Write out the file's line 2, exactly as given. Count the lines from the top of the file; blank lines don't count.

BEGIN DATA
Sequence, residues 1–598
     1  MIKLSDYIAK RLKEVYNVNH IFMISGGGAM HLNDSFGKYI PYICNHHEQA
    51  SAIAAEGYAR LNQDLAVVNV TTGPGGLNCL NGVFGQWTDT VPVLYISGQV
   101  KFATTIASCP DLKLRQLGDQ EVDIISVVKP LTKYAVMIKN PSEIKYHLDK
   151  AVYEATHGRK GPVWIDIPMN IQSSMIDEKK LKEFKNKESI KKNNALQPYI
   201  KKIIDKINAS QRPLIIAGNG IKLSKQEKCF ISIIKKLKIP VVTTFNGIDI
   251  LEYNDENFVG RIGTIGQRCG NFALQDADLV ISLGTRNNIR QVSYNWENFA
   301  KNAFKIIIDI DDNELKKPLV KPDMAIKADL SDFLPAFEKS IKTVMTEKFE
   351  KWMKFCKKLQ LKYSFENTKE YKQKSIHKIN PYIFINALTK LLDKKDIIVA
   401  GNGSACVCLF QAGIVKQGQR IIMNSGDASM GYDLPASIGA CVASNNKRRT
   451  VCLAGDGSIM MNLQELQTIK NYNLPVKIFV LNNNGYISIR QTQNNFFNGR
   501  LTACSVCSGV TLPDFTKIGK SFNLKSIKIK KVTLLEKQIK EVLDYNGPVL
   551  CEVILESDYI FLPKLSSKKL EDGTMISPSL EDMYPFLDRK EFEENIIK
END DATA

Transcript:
     1  MIKLSDYIAK RLKEVYNVNH IFMISGGGAM HLNDSFGKYI PYICNHHEQA